There are spices that burn. Spices that singe. And spices that bring their heat gently, graciously waiting for you to warm up to them.
Cumin stands firmly in the final camp.
As a spice, it’s mellow enough to play nice with others, personable enough to show distinction, earthy enough to feel well grounded, and exotic enough to render mundane ingredients sultry and seductive.
Its appeal was not lost on the ancients.
Seeds have been found at a site in Syria that date back to the second millennium B.C. Ancient Greeks kept a bowl of cumin on their tables, much like we would keep a pepper mill. It merits mention not once, but twice, in the Bible: in the Old Testament as a crop that deserves meticulous stewardship; in the New Testament as a currency in which the righteous paid their tithes.
Aside from its culinary value, it’s long been touted as medicinal. Early Greek medical texts claimed it curbed “hysteria” in women — which, considering women’s restrictive role in society at the time, renders the diagnosis itself at least a bit hysterical.
Contemporary healers concur with ancient assertions that cumin promotes digestion.
The Romans did much to popularize cumin throughout their empire. When trade routes opened, linking the Mediterranean with India and China, cumin was in tow, and wherever it went, the spice found a welcoming home.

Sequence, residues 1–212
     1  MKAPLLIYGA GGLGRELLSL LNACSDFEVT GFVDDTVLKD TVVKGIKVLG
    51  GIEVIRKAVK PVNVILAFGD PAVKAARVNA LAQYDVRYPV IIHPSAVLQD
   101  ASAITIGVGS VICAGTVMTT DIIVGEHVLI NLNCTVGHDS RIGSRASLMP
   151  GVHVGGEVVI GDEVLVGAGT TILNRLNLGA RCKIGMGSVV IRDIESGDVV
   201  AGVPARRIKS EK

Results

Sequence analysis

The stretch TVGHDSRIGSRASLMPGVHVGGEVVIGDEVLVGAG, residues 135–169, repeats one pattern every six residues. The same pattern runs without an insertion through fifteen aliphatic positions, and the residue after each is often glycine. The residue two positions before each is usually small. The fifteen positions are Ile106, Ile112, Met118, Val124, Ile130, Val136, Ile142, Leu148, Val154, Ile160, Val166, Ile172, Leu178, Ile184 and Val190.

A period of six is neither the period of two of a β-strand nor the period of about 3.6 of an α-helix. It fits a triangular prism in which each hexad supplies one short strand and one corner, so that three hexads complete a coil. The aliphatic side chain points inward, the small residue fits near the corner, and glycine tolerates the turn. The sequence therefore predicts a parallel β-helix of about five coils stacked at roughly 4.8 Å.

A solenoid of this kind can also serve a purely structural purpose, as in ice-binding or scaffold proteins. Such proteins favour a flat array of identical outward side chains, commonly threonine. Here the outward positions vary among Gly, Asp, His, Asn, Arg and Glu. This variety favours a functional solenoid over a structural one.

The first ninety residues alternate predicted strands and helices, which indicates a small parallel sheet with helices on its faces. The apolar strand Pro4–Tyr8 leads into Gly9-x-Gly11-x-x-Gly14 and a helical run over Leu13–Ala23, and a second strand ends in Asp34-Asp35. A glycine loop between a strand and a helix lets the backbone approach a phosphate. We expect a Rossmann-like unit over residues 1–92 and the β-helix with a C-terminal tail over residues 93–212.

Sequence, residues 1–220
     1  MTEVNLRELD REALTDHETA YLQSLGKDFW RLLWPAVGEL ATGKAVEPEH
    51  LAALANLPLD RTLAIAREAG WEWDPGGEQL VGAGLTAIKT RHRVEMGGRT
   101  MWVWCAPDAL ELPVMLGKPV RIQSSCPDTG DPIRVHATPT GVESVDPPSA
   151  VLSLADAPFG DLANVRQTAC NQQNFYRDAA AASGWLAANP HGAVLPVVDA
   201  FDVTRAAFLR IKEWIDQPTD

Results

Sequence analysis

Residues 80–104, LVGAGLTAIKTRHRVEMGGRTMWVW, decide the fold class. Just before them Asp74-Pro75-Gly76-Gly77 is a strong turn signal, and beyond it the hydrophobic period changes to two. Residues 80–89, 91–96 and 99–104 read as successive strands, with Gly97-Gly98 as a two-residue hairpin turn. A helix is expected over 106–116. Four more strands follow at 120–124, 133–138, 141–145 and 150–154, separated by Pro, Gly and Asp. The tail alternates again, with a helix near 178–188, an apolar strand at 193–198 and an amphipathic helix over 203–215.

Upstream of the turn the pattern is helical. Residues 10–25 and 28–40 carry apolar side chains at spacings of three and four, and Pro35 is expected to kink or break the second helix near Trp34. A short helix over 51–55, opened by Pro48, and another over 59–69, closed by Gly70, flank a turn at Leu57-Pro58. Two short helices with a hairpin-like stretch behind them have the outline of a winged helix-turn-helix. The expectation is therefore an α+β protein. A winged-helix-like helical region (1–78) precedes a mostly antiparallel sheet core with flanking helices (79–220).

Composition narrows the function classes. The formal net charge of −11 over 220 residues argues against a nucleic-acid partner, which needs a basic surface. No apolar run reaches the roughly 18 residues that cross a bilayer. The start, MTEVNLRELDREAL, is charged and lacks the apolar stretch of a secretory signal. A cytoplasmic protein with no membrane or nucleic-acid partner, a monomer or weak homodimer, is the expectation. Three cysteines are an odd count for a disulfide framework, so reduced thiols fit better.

“Once introduced into a new land and culture, cumin has a way of insinuating itself deeply into the local cuisine, which is why it has become one of the most commonly used spices in the world,” writes social researcher Gary Nabhan in his book, “Cumin, Camels, and Caravans.”
Cumin came to our shores by way of the Columbian Exchange, the remarkable flow of goods between the Old World and New World that ensued in the wake of Columbus.
Europe got tomatoes, potatoes, corn, chiles, vanilla and chocolate. We got coffee, citrus, olives, onions, garlic, cattle, sheep, almonds and many precious spices, cumin among them.
Cumin found fertile ground in Mexico. It seems born to have been blended with native flavors, like chiles, annatto and chocolate.
If you grew up in the Midwest, your first encounter with cumin may have been when you sat down to that stew of beef, beans and tomatoes your family knew as chili. Cumin is a major player in most commercial chili powders. Or for that matter, that delightful initial bite into a burrito from Taco Bell.
But cumin is a global player, and as such, deserves to be tasted in many forms from many lands. Here are but a few.
Jo Marshall is a Minneapolis ad writer with an appetite for food, history and culture. Reach her at firstname.lastname@example.org.